Following a long and storied career, competing mainly in his home country of Japan, Tatsuya Kawajiri nearly called it quits in 2013.
Fighting professionally since the year 2000, Kawajiri has competed at the highest levels of the sport in Japan, working his way through promotions such as Shooto, Pride, and Dream.
But as the mixed martial arts seen dwindled in his homeland, so did the opportunities to fight, leaving the decorated veteran frustrated. That’s when the UFC came calling, asking Kawajiri to make his Octagon debut at Saturday’s UFC Fight Night 34 in Singapore.
Kawajiri faced a game opponent in Sean Soriano, who defended several of the Japanese stalwart’s early takedown attempts, but he wouldn’t be denied, eventually securing several takedowns and his first victory in the Octagon. He submitted Soriano via rear naked choke 50 seconds into the second round.
Kawajiri seemed a little out of sorts, and later admitted that he was.
“UFC jitters? Well, that’s what it was today. It was hard fight,” when he was asked about feeling a little shaky in his first trip to the Octagon.
His last fight was in December of 2012 and he had been contemplating retirement, so it’s no surprise that he might have the infamous jitters that strikes many UFC first-timers.
“This was my first fight in almost one year and this past one year, I even thought about quitting MMA a couple of times,” Kawajiri said at the UFC Singapore post-fight press conference. “That’s why I was very nervous.”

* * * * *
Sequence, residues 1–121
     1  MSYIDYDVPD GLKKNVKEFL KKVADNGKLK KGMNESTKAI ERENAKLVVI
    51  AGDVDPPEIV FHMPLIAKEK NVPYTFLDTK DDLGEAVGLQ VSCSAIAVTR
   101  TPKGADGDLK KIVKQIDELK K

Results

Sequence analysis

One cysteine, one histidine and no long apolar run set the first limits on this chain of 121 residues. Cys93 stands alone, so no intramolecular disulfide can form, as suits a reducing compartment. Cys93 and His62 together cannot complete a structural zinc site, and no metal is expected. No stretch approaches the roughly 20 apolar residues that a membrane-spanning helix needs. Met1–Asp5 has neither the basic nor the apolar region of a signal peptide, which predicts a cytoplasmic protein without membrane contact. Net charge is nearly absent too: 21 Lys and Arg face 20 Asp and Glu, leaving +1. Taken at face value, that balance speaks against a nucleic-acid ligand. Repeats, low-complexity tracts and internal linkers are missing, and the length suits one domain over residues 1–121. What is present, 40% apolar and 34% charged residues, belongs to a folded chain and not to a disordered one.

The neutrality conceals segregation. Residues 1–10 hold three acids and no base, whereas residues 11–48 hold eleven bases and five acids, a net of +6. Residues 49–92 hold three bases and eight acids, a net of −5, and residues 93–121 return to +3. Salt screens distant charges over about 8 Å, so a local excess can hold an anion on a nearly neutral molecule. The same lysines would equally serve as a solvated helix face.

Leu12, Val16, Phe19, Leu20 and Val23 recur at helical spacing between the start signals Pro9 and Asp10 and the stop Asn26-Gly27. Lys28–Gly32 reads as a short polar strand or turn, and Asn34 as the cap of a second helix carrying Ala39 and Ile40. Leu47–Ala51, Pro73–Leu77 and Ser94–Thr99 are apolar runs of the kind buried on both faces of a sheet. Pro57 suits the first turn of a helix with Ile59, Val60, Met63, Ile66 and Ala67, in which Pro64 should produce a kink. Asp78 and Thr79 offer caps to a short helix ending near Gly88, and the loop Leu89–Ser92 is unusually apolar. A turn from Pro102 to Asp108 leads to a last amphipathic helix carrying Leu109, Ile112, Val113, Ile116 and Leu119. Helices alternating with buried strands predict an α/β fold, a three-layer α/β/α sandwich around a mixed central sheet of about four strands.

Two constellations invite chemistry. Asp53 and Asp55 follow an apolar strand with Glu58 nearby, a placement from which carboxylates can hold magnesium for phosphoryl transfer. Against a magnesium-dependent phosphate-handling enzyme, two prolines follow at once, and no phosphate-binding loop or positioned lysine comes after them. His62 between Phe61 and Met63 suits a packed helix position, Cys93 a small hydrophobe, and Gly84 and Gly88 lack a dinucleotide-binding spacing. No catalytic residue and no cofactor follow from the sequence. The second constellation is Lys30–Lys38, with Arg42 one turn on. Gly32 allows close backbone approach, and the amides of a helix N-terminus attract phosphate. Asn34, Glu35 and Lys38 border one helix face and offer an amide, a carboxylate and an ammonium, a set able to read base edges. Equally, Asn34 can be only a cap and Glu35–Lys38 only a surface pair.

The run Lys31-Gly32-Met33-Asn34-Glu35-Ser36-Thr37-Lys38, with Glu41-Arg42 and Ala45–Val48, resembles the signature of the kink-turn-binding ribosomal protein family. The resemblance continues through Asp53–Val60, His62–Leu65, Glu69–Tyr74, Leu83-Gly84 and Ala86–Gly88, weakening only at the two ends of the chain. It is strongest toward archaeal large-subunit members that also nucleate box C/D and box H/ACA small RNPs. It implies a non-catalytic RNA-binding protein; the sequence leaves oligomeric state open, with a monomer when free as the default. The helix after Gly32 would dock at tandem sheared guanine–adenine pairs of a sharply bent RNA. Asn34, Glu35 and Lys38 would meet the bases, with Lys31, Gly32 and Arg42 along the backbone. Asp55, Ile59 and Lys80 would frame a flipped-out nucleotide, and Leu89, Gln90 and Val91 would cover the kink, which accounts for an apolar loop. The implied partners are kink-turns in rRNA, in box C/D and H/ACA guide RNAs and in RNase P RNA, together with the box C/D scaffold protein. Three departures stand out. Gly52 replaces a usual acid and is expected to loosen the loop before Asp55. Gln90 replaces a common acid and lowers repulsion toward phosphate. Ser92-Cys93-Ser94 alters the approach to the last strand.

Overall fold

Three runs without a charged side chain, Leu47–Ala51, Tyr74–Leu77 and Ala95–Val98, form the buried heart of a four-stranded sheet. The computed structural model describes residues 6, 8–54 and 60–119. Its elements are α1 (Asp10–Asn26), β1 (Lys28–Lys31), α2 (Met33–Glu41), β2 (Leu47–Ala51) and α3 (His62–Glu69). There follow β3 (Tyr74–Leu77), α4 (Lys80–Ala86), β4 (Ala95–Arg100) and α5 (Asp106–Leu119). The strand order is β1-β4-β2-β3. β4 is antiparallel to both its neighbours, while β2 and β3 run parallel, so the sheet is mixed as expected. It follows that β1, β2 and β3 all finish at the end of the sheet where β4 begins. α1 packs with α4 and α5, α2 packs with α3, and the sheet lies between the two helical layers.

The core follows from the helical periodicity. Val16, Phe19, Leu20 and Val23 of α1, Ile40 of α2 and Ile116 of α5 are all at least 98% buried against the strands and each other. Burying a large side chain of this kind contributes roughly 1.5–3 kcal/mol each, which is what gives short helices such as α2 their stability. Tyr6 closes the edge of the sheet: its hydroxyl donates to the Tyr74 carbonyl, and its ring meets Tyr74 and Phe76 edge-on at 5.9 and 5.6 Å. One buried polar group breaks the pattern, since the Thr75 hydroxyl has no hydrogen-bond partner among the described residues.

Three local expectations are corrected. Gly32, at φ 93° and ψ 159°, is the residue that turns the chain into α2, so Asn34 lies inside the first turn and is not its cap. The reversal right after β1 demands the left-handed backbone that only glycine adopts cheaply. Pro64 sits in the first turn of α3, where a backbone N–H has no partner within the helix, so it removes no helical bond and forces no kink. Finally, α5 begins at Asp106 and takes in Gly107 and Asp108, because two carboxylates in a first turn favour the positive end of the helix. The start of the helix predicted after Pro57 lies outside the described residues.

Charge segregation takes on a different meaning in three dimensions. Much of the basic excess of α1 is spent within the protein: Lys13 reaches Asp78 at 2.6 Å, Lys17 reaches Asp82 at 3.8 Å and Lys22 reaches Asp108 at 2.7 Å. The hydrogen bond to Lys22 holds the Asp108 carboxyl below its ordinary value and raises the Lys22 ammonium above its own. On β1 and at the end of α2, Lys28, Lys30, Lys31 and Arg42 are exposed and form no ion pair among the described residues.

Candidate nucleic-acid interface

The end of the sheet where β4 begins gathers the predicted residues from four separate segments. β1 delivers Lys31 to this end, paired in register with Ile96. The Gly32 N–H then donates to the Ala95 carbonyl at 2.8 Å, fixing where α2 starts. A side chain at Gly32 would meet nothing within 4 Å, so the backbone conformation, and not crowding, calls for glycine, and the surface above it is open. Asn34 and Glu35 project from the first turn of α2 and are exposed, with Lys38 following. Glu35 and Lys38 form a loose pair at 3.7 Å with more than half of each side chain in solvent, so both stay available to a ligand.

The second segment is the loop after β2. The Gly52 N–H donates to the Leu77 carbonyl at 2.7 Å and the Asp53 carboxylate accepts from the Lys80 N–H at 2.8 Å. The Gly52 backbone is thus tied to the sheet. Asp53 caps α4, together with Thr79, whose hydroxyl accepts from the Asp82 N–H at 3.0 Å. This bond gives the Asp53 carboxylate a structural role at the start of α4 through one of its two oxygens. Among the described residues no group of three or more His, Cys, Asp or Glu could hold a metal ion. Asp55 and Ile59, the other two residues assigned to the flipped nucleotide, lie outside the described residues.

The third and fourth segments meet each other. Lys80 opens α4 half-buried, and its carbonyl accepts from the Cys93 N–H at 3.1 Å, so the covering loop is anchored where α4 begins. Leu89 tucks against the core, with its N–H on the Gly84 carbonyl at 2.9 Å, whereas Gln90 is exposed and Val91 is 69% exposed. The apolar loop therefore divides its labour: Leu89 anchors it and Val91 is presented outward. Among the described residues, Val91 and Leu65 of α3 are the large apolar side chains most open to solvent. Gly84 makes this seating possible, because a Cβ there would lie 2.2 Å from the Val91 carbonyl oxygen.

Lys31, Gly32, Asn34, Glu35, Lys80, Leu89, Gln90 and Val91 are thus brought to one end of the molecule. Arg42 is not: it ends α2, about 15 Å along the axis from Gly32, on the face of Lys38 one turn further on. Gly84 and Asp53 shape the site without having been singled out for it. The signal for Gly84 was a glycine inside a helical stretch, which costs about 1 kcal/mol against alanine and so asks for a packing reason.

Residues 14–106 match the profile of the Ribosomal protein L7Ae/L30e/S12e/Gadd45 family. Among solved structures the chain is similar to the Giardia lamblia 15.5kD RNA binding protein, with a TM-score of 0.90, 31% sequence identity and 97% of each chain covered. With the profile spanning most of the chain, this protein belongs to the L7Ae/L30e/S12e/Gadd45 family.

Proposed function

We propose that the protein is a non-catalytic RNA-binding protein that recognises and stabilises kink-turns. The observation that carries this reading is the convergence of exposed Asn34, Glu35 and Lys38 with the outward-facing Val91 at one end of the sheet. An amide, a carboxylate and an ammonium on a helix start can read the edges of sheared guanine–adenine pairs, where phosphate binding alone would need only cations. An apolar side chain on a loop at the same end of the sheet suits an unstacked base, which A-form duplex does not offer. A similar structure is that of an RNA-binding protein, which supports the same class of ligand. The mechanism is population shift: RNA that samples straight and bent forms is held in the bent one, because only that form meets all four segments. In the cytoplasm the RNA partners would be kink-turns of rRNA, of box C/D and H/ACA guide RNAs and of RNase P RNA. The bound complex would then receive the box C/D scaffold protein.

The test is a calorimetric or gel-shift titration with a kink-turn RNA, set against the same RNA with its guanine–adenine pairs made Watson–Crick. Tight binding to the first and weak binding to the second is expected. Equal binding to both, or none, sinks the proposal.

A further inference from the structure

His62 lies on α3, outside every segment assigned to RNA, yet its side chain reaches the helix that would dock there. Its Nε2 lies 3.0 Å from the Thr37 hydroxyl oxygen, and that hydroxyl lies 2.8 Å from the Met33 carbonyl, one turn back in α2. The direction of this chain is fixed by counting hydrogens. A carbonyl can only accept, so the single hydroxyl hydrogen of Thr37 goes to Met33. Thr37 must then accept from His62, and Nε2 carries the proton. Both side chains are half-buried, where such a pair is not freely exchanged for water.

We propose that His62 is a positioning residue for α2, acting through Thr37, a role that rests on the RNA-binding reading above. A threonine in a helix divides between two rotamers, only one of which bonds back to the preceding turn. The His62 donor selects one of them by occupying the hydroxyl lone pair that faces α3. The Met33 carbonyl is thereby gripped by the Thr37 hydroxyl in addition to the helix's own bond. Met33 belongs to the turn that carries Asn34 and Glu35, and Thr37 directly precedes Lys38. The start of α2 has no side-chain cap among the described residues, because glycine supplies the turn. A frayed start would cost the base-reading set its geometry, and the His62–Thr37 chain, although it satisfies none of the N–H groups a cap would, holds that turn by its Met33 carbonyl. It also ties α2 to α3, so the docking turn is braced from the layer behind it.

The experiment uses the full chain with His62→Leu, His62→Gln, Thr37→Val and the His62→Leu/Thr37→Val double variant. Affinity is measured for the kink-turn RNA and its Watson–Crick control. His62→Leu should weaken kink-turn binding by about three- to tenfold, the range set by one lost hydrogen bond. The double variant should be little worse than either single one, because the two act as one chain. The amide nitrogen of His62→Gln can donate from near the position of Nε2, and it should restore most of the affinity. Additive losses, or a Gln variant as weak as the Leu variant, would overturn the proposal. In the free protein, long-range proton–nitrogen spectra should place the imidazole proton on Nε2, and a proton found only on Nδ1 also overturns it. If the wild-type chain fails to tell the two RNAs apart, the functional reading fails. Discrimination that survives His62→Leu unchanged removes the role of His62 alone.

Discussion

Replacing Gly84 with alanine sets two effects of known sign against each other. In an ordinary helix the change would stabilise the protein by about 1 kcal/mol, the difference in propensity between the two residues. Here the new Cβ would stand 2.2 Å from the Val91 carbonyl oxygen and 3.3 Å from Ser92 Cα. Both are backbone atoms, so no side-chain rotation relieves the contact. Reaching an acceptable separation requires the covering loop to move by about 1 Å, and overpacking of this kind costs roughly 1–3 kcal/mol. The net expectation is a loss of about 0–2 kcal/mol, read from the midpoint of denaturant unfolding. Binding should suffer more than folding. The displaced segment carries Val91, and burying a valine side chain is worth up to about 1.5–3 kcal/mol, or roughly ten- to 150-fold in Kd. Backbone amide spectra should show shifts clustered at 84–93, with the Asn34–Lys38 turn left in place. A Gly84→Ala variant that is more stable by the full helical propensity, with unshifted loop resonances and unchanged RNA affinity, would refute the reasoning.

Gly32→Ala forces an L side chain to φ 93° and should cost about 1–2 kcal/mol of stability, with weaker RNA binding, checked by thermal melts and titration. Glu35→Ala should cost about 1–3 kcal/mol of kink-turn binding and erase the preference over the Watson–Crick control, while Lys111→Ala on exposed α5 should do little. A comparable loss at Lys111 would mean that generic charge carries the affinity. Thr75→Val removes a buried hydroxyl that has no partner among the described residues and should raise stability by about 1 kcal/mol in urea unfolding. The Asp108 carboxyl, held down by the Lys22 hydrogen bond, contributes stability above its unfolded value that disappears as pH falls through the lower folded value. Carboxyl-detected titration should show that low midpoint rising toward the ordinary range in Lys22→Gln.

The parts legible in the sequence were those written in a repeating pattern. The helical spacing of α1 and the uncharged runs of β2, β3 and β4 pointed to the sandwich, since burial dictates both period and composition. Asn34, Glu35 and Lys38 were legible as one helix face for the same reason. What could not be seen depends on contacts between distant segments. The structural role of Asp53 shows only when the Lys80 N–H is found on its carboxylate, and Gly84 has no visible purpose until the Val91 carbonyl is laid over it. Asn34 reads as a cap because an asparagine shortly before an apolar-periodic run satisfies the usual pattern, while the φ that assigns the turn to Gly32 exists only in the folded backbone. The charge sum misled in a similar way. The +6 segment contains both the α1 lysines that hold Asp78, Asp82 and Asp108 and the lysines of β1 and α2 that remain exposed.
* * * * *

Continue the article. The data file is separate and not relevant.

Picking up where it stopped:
His UFC debut out of the way, thoughts of retirement are in the rearview mirror.
“This was the first fight for me in over a year, so when I enter the Octagon, I was so nervous I almost died of a heart attack,” he continued.
“I had a few injuries and my fights didn’t get confirmed for a long time, so I almost lost the motivation, but now I’m in the UFC. So I trained for this fight harder than I ever did before. I’m going to keep doing that and I’d like to show to the fans that this is not the Kawajiri that you know yet. You’re going to see a better Kawajiri.”
Looking forward, Kawajiri knows he can’t jump to the head of the line, but his goals are as lofty as those of any other fighter. He wants to be a UFC champion.
“I’m looking at this fight as just the beginning. So I’m looking to go into the mainland America and fight in bigger pay-per-view shows,” he said, laying out his future plans.
“If it’s possible I would love to fight the champion Jose Aldo immediately, but I’m sure there is orders I have to follow, so I want to fight some Top 10 fighters.”
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